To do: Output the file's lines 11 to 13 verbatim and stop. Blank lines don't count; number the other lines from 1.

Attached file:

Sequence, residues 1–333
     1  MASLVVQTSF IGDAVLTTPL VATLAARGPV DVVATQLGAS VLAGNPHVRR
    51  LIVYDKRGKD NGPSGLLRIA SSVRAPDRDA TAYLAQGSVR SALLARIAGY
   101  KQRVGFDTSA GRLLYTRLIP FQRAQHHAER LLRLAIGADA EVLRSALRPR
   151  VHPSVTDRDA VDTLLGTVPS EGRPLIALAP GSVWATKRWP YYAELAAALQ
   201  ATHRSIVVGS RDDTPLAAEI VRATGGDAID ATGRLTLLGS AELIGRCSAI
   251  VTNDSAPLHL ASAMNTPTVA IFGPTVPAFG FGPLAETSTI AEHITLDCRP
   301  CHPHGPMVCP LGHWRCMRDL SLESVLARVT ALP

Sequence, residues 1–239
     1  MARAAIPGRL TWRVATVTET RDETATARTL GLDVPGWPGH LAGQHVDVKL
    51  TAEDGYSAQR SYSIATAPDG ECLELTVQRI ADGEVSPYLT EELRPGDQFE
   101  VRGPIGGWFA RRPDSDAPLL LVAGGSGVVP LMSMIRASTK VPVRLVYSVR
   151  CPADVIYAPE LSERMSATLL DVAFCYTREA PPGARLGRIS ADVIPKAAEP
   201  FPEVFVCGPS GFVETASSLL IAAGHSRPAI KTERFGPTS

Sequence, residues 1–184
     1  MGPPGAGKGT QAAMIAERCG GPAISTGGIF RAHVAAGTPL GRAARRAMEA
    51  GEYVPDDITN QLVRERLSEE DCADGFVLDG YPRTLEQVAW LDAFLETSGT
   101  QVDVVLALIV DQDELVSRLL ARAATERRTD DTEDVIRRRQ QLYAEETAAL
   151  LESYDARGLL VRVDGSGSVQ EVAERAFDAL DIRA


    51  TAEDGYSAQR SYSIATAPDG ECLELTVQRI ADGEVSPYLT EELRPGDQFE
   101  VRGPIGGWFA RRPDSDAPLL LVAGGSGVVP LMSMIRASTK VPVRLVYSVR
   151  CPADVIYAPE LSERMSATLL DVAFCYTREA PPGARLGRIS ADVIPKAAEP